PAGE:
Haringey coronavirus (COVID-19) updates
Invitations to get a Covid vaccine will be landing on the doormats of all 16 and 17-year-olds in a further effort to boost take-up in this age group.
Over 360,000 people aged 16 and 17 have already had their jab – which includes those who were eligible previously eligible due to an underlying health condition, with more than 125,000 getting their jab in the two weeks since the NHS was given the green light to offer all 16 and 17-years-olds the life-saving jab.
They will also be receiving letters, inviting them to come to their nearest walk-in centre with many already receiving invitations from their GP and taking up the offer.
Anyone in this age group can now find their nearest centre through the ‘grab a jab’ NHS online walk-in finder, with more sites becoming available every day. Follow-up text messages are being sent out today (20 August) to ensure NHS staff are vaccinating 16 and 17-year-olds as quickly as possible ahead of their return to school.
GPs are also inviting at-risk children aged between 12 and 15 years old, who are clinically vulnerable to COVID or live with adults who are at increased risk of serious illness from the virus, with 30,000 children in this age group already protected.
From 16 August, when even more people will have the protection of both vaccine doses, anyone who is a close contact of a positive case, and who are not displaying any symptoms, will no longer have to self-isolate if they have been fully vaccinated.
NHS Test and Trace provides you with the information you need to make the best decision for yourself, your loved ones and your community. The government has left behind the phase of strict rules and regulations, but you still need to act responsibly and play your part in preventing transmission of COVID-19 by taking a PCR test.
Current policy is that all close contacts, regardless of vaccination status are advised to take a PCR test as soon as possible, so that they can have certainty about their condition.
The testing policy is unchanged, the change being implemented means that if people are fully vaccinated (and not displaying symptoms) they will only be required to self-isolate if they test positive for COVID-19 using a PCR test.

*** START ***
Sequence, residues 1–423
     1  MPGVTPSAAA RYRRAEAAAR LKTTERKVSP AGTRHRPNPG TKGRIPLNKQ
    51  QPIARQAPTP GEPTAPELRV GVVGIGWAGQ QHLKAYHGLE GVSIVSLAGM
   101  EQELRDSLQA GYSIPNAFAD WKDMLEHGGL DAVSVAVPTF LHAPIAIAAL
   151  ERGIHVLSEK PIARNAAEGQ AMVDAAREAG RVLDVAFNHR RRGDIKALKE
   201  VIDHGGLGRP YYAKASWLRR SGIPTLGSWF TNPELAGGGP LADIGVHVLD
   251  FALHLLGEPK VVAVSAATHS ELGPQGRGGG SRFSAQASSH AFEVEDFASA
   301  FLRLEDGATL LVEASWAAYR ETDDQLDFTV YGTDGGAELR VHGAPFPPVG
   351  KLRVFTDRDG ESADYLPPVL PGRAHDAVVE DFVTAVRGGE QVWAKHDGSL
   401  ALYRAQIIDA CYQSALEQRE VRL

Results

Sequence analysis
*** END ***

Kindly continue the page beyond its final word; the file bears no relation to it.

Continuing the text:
It is essential that everyone follows the rules and undertakes a PCR test if they are identified as a contact, regardless of their vaccination status in order to protect those who are not yet fully vaccinated or are clinically vulnerable. By doing so everyone will be helping to protecting the progress we have made against the pandemic and keeping restrictions at a low level - ‘let’s keep life moving’
In line with the approach for adults, anyone under the age of 18 who is a close contact of a positive case will no longer need to self-isolate. Under 18s and their parents or guardians will be given specific advice depending on their age whether they should get tested and will need to self-isolate if they test positive. Changes for children are important to reduce the impact on school attendance and the goal to treat children equitably with adults when they are not (generally) eligible for vaccination. These measures will also come into force on 16 August ahead of the autumn school term.
Anyone who tests positive will still need to self-isolate regardless of their vaccination status or age.
For more information, please see Gov.uk (external link)
Sixteen and 17-year-olds across the UK are now being invited to book their coronavirus vaccine, with GPs in England told they can contact this age group. Young people in this age group must wait to be contacted by their GPs and cannot yet book their appointment on the NHS app.
The opening of vaccinations to 16 and 17-year-olds in England comes at the same time as the government is launching a new drive to encourage young people to get jabbed.
New figures published on the Gov.uk dashboard show that most patients in hospital with COVID-19 in England continue to be unvaccinated and that one in five people being admitted to hospital in England with COVID-19 is aged between 18 and 34 years old. This shows how effective the vaccine is in protecting those who are vaccinated.
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